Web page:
Document Actions

Cleaning solvent blamed for making 23 ill at casino

Stacia Glenn, Staff Writer 05/19/2010

A cleaning solvent was the culprit that caused hysteria among 23 San Manuel Indian Bingo and Casino employees who reported feeling dizzy and nauseated last month, authorities said.

After determining that the mysterious odor that invaded a cash-counting room April 28 was not hazardous, fire and health officials set about retracing the employees' steps in the hours before they reported feeling ill.

They discovered that employees were doing routine cleaning, using compressed air cans with high-powered sprays.

"The manufacturer had added a new chemical for the taste so kids wouldn't abuse the stuff," said San Manuel Fire Chief Michael Smith. "When (employees) tasted something unusual, it was cause for warning."

The employees were sent to Loma Linda University Medical Center as a precaution but none exhibited signs of serious illness, authorities said.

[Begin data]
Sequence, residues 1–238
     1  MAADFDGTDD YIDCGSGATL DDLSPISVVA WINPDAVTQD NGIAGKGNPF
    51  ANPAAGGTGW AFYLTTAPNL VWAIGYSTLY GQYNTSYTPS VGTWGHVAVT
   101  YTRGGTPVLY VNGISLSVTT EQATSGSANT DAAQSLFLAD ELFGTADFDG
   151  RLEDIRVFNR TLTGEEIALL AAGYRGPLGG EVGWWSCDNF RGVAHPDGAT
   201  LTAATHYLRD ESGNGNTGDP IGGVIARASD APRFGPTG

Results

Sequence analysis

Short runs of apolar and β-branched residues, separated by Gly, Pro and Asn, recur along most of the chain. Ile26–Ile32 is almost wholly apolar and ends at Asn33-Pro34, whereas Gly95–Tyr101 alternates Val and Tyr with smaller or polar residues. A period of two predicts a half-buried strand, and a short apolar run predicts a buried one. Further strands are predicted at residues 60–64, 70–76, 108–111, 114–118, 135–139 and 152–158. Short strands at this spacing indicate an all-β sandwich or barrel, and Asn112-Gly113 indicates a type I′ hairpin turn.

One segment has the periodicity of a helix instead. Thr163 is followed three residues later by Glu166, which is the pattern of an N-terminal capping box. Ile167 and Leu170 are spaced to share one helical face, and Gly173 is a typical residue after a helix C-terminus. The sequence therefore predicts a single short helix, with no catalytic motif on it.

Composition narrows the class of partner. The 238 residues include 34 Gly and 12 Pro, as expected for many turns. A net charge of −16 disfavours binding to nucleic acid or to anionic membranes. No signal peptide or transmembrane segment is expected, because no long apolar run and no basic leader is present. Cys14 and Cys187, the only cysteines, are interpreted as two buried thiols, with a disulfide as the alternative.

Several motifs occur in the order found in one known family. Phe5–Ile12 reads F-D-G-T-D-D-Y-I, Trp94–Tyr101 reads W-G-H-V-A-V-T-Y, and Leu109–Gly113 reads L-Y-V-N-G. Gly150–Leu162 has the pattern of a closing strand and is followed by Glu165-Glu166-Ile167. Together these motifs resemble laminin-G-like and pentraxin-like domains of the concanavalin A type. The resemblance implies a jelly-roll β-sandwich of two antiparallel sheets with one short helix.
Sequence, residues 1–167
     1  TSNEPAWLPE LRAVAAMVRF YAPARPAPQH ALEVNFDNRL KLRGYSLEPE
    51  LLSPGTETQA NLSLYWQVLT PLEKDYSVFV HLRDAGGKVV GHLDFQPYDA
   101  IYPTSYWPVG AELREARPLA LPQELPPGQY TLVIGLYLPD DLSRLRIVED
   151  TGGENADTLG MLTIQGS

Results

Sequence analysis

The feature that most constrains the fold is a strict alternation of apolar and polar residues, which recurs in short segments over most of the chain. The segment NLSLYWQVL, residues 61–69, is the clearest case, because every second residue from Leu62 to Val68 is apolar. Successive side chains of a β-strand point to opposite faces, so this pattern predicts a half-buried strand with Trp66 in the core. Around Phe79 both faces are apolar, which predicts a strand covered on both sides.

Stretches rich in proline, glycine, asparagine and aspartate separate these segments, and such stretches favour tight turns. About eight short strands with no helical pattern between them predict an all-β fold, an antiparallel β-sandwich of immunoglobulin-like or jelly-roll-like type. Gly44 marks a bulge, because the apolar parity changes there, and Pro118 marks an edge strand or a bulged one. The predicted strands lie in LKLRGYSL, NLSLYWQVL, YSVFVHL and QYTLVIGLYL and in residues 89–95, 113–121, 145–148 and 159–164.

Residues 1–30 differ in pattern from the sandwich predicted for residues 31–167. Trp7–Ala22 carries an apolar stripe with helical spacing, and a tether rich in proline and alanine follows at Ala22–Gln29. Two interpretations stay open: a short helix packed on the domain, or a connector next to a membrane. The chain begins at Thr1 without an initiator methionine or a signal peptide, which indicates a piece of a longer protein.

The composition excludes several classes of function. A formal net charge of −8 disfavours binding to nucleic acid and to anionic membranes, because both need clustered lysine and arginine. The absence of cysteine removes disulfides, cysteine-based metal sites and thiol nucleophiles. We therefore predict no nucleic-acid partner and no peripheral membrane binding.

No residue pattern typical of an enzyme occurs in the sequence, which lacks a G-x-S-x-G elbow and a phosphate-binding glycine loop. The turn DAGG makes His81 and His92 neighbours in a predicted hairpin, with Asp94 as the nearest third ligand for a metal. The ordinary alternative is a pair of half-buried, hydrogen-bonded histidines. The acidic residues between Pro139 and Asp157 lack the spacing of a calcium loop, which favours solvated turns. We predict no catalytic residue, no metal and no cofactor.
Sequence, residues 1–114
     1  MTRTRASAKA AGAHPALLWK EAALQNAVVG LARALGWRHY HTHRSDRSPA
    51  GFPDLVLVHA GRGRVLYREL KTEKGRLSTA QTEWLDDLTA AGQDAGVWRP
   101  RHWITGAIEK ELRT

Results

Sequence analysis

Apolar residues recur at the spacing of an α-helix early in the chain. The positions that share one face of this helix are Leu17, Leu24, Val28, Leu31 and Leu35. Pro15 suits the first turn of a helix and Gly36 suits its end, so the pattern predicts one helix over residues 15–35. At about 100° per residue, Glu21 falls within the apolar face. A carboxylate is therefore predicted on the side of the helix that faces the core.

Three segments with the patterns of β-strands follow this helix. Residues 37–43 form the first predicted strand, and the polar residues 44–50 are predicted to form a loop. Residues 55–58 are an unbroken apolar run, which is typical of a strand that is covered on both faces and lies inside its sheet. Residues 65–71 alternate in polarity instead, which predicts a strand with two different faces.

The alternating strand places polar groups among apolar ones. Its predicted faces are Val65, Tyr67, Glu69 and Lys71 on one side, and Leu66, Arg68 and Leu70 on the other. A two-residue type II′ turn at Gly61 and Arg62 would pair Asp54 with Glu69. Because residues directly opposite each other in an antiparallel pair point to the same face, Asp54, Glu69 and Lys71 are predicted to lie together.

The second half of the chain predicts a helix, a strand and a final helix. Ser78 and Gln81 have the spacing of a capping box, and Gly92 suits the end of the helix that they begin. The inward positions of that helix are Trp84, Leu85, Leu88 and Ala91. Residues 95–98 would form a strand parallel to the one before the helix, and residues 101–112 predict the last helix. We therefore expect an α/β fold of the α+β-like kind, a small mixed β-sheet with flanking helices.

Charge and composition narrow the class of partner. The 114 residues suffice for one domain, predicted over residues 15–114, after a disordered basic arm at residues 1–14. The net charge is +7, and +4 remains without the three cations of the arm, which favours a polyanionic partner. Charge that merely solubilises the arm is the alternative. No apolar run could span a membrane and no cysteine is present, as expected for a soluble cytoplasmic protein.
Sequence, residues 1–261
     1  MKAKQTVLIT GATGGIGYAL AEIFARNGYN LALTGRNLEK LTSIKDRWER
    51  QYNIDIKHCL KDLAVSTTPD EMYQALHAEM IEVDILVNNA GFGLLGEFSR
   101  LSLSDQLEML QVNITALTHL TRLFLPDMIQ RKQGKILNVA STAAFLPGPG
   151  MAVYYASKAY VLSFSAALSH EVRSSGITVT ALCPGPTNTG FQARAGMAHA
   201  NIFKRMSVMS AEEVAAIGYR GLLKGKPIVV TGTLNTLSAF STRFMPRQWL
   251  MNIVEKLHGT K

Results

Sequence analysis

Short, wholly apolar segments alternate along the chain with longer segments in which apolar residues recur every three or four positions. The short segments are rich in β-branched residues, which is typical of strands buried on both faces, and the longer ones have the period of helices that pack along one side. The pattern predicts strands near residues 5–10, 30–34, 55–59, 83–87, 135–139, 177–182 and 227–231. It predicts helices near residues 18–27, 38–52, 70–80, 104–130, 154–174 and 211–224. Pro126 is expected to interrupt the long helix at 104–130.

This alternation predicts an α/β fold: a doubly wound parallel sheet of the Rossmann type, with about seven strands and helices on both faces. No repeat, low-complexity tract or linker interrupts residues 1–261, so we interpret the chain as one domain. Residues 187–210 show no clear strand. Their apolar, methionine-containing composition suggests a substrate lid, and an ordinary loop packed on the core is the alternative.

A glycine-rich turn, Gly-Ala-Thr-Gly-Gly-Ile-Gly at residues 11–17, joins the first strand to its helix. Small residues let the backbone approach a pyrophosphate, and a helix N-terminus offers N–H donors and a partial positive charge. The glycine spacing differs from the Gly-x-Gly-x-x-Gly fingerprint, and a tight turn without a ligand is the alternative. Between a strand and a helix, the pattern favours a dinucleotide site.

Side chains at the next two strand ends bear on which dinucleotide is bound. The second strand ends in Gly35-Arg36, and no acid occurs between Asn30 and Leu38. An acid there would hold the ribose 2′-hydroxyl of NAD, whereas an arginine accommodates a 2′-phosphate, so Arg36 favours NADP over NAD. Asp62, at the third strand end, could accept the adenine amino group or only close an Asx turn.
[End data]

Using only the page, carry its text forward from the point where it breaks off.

Bitrex, the chemical, is added in products to reduce the risk of accidental poisonings. It is not known to cause any symptoms but emits a faint odor and has a bitter taste.

"Some of (the employees) had worked themselves up a bit," said Battalion Chief Dino Beltz. "There was definitely a psychological effect."

Officials said they have discontinued use of the product.

When the call first came in that employees felt woozy, 18 San Manuel firefighters worked with the San Bernardino Fire Department's hazardous materials team to find the source of the fumes.

They searched three areas of the casino, tested the employees' clothing and checked the chemical formulations of all cleaning supplies, authorities said.

"It was putting all the pieces of the puzzle together," Smith said.

Kenneth Shoji, the tribe's spokesman, lauded the cooperation of the involved agencies and an agreement that enables them to share resources.


Personal tools